From Serena Williams losing it after a questionable call at the US Open, to Kanye West’s opinionated and pro-Beyonce interruption of Taylor Swift, to Joe Wilson’s outburst during Obama’s healthcare speech…people are asking, what happened to good manners? 

 

ABC News questions whether these outbursts are an indication of a shift in national values.

 

“Why is there such an epidemic of incivility?”
“As you might imagine, all these recent outbursts have touched off a cascade of discussion about the quote unquote coarsening of our culture.”

 

Our research shows news media have ventured to explain the reasons behind the recent rudeness.

 

First, an ABC News contributor points the finger at the society’s affection for exhibitionism.

 

“George Will blames it on a Culture of entitlement where we celebrate emotional exhibitionism on football fields and cable television; we have decided it is therapeutic to express ourselves, no matter what our thoughts.”

 

KGW-TV in Portland, Oregon reaches out to a psychiatrist, who says this apparent loss of self-control applies specifically to public figures…

 

“They think they are entitled… They think they are the better person -- that they are the greatest. Negative publicity is the same as positive publicity.”


But maybe this has something to do with the U.S. society? USA Today presents a view from the head of The Civility Initiative at John Hopkins University.

 

“American society is among the most informal in the world, and often that informality crosses over into incivility … Now, you add the informality of the Internet … and all bets are off…”

 

CNN, however, looks at the issue from the context of politics and shows us other countries have seen worse.

 

“…Take the British House of Commons for example…Prime Minister misspoke about bank bailouts…[Booing wildly] In Mexico…YouTube loaded with clips of lawmakers duking it out on floor of national assembly. Politicians fight in India, in Ukraine, even George Bush must duck in some places.”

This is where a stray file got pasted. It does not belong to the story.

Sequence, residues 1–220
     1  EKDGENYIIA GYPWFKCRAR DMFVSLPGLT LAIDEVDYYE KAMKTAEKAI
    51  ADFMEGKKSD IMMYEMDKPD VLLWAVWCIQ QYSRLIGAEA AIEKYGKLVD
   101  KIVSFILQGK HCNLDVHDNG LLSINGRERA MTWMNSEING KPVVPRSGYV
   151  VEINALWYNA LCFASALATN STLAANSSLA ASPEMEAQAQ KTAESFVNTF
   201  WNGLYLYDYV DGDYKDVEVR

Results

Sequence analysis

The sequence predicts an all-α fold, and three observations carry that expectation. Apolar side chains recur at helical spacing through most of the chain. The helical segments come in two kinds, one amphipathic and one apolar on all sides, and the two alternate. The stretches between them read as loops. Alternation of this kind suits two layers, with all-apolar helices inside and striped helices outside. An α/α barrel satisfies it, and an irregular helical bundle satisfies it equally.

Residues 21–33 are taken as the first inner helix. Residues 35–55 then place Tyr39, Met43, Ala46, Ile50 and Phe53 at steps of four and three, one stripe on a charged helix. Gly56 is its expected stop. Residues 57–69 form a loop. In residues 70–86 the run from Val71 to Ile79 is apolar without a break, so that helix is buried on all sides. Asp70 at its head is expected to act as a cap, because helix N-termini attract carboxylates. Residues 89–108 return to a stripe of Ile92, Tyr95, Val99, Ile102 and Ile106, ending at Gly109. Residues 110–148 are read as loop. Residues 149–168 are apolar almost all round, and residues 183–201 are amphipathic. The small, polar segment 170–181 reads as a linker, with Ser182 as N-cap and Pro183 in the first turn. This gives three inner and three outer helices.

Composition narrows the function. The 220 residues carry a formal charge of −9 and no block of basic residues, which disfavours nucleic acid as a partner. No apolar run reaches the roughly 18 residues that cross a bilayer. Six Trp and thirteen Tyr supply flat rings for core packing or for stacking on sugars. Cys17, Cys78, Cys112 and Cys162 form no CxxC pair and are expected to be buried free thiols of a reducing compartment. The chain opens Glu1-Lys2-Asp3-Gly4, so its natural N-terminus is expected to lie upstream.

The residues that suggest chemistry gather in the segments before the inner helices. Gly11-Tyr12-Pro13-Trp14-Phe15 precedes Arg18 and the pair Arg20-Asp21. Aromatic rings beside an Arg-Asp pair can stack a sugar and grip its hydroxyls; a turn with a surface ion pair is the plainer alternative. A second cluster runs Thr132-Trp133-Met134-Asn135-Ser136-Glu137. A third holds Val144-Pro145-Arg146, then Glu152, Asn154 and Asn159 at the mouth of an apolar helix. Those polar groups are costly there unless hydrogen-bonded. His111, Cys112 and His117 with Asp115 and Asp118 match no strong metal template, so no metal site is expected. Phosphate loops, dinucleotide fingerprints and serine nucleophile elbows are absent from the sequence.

Many media outlets consult Lizzie Post, the great-great-granddaughter of U.S. well-known P’s and Q’s expert Emily Post.

The Columbus Dispatch quotes her saying about the three incidents.

“Not one of those things would I blame on modern society, I’d blame them on ego and bad intentions and simple mistakes.” 

Finally, others refuse to make excuses; they just call it bad manners and express worries about the trend.

Etiquette expert Angelyn Davis: “When it comes to manners, we are at cultural low tide…the demand for etiquette training in this country has quadrupled just the last many years.” (FOX News)

Nancy Mitchell: “There’s a breakdown in civility because there are too many bad examples.” (ABC 7)

“It’s a trend in the way our society been has moving away from manners and has called that behavior acceptable instead of an isolated incident.” (FOX News)

So, what do you think? Do you think that America is making much to do about nothing, or do you think these outbursts were a legitimate comment on the nation’s bad manners?

What Happened to Public Civility?

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Transcript